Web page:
Okay, it's Bill Smith's turn as the POV character -- and that's a good thing, because this would be a very short book if it wasn't. A figure from Bill's past is back, looking for revenge. The electronically altered voice on the phone belongs to someone that was sent to prison, in part due to Bill's work, and now he's out and is ready for Bill to pay what he's due. He's demanding that Bill play this game he's devised in order to keep his hostage alive for the next 12 hours (or so).
The hostage, of course, is Lydia Chin. This is what makes this book different from all the other books where the hero is racing against the clock to play the twisted game of the psychopath in order to save the hostage. The hostage isn't someone created just to be in peril, this is someone we've become attached to over the last 9 books (half the time being in her brain, I should add) -- and Bill's got a lot more history with and affection for her than any of us readers do. Again, this is stuff we know, not something manufactured for the purposes of this plot. So the stakes are higher for Bill than most heroes in this plot, and we believe it, too.
Without Lydia to work with, Bill has to get help from others -- there's just no way that he can do this on his own. Enter Lydia's friend Mary, the NYPD detective; and her cousin Linus, the hacker/computer guru. Even with these two replacing Lydia, Bill spends a lot of the time seemingly over-matched. Now that I think about it, he's so distracted by worry that a lot of the thinking is left to others, Bill mostly reacts to things in anger and fear. All believably, I should add.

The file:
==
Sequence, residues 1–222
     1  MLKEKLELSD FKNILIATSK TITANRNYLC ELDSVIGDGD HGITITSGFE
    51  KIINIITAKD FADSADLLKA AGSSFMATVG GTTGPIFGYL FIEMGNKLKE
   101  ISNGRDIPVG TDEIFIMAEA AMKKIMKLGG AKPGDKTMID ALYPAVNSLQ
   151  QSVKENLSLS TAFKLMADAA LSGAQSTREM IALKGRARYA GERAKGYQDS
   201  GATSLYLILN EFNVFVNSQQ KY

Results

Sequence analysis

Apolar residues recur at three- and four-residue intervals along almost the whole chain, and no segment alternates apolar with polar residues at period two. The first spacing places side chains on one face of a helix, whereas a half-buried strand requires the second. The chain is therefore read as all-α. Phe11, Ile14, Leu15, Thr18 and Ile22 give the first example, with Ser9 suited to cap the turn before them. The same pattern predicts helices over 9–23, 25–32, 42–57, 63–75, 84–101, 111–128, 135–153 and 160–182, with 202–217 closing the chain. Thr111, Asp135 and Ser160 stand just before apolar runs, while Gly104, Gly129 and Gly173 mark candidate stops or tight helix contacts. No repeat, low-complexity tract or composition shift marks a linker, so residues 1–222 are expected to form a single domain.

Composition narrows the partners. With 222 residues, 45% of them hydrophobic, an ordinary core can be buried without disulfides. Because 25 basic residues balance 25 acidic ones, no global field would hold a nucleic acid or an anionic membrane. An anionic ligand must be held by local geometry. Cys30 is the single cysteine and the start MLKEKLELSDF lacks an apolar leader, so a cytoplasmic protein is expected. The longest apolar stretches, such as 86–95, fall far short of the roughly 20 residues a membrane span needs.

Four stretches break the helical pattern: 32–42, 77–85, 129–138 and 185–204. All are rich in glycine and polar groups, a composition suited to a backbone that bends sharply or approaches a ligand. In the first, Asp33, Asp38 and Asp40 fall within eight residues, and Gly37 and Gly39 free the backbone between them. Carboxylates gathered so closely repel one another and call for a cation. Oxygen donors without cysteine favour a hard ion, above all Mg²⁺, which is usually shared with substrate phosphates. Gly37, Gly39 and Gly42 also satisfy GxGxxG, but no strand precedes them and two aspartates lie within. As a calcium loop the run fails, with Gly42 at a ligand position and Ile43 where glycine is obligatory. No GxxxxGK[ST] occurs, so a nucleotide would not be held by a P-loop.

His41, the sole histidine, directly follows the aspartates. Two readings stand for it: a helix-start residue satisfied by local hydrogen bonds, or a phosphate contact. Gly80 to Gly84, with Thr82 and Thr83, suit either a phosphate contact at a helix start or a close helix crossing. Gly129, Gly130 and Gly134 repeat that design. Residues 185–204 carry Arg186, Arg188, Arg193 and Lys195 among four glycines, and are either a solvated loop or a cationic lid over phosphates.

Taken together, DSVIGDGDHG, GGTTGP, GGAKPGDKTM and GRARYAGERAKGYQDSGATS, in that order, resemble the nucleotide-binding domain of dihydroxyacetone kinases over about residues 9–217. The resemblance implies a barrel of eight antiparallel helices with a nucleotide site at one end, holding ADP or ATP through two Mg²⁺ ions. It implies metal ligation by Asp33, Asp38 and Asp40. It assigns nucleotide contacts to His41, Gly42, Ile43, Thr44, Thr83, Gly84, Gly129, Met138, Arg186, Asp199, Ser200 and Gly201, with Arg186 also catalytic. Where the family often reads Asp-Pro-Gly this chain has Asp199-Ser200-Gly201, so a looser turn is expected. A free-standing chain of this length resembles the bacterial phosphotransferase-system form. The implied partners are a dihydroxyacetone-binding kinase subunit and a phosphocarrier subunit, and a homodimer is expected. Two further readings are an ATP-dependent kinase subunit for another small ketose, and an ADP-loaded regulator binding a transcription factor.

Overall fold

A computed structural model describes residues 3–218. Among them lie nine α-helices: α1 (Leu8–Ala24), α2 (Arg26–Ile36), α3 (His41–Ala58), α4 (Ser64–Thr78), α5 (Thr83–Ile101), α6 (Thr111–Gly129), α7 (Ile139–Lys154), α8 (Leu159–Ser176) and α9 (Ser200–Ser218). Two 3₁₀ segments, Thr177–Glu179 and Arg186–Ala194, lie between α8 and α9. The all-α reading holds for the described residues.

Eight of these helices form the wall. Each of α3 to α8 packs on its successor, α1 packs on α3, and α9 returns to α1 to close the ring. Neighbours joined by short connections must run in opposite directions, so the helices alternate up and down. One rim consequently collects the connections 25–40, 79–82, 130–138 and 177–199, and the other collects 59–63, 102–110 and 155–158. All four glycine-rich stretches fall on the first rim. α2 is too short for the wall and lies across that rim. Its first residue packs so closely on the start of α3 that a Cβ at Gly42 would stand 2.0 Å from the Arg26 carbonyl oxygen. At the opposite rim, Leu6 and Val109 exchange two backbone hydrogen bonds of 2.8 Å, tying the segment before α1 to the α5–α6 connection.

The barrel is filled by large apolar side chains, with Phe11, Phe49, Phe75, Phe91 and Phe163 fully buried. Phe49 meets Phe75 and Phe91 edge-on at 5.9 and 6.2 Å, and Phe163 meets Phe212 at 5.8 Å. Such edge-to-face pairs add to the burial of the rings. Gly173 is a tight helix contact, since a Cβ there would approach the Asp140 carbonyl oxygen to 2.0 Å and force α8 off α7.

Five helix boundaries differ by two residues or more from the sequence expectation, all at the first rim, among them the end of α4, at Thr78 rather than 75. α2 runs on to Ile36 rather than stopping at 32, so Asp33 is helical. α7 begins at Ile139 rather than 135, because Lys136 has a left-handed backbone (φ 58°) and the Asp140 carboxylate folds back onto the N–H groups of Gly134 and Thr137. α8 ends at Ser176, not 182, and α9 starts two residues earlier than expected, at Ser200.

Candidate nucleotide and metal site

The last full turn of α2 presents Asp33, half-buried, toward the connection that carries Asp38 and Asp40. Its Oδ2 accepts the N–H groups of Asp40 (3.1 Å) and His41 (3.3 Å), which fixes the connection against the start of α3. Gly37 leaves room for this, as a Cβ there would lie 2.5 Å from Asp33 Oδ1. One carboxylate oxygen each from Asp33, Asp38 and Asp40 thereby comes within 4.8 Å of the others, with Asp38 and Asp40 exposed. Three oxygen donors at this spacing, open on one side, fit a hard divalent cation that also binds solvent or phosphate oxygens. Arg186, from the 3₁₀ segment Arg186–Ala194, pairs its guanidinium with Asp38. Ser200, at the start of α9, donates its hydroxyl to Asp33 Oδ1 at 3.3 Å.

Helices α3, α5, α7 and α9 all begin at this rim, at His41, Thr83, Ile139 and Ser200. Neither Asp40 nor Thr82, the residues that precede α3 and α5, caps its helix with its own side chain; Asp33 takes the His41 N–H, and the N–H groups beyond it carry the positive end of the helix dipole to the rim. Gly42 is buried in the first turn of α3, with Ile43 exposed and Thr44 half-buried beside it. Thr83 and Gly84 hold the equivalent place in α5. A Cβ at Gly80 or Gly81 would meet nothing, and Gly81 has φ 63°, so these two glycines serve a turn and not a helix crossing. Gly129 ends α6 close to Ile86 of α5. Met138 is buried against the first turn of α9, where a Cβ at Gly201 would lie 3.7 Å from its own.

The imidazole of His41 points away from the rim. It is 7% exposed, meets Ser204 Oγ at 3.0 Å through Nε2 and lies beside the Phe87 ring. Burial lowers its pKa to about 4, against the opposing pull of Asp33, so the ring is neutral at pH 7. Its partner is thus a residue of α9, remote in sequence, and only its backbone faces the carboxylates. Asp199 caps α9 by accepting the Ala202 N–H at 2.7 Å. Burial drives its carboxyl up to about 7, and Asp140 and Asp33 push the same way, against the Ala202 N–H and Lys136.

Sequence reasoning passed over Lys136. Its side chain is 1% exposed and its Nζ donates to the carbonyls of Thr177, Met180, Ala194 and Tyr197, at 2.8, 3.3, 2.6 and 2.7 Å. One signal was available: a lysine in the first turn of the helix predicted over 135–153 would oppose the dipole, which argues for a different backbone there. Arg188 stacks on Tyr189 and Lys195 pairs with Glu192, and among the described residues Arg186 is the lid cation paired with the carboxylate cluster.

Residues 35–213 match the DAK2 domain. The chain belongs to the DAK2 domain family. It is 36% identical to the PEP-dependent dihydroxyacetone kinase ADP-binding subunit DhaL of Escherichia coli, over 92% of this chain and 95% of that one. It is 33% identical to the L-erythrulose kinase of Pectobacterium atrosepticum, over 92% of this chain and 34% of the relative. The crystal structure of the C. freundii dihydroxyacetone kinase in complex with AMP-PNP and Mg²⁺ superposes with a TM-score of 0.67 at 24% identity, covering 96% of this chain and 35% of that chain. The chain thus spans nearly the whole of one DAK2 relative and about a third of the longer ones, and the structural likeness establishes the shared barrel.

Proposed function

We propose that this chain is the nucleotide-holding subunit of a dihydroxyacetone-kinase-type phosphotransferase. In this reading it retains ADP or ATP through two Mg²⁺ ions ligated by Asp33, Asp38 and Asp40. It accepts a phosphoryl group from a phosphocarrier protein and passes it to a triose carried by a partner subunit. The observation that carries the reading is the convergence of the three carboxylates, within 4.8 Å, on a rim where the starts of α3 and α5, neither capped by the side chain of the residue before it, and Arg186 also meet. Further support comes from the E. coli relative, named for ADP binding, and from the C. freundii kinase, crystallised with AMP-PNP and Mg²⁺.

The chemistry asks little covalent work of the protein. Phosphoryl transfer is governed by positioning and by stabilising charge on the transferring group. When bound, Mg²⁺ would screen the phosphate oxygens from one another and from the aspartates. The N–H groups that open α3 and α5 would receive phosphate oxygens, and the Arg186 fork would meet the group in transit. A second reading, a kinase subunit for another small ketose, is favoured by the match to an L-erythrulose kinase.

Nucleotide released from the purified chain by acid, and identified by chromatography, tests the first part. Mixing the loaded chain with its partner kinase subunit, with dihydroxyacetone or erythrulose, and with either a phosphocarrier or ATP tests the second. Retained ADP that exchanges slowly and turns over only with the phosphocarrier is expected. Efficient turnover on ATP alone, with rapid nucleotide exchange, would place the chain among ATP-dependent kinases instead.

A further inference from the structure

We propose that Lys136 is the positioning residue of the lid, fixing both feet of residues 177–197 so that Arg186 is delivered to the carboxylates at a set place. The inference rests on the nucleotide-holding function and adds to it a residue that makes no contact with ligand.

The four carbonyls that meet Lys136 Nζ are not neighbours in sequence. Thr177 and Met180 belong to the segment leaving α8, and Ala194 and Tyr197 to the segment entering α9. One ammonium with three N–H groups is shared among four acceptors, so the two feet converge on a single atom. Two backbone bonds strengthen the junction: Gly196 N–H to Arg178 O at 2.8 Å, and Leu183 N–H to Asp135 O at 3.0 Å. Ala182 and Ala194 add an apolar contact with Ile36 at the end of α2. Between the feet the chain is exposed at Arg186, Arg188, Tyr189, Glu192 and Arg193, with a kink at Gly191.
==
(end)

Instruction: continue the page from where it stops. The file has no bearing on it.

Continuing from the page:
The kidnapper/tormentor isn't some psychopathic genius, some criminal mastermind -- he's a smart, committed criminal who has spent a lot of time planning. This means that the reader can see why he'd go off the bend like he does, why Bill can defeat him -- and yet spend so many pages clueless. He is clever, I shouldn't downplay that -- the game he's set up, the clues (and what he does with them) show that this is no slouch that Bill's up against. Thankfully, neither are Bill's allies -- for 2010, one of the solutions involves a ingenious use of social media (actually, it'd be a pretty sly use in 2017, too).
The conversations between Lydia and Bill are what I'm always saying are the highlight of these books -- in this book, their chats are brief proof of life kind of things. This means that every word, every nuance counts -- and it's primarily in what these two don't have to say to communicate that is the winning element.
I enjoyed this one so much -- even if Bill wasn't as sharp as he should've been, even if Lydia is practically a non-factor throughout (but when she gets involved, it counts). Rozan knows these two, their world, so well that this story seems effortless (which it just couldn't be).
It seems effortless for her, I should say, the reader is left hanging on every development, every twist, every detail, just hoping that Bill can save the day. One of Rozan's best.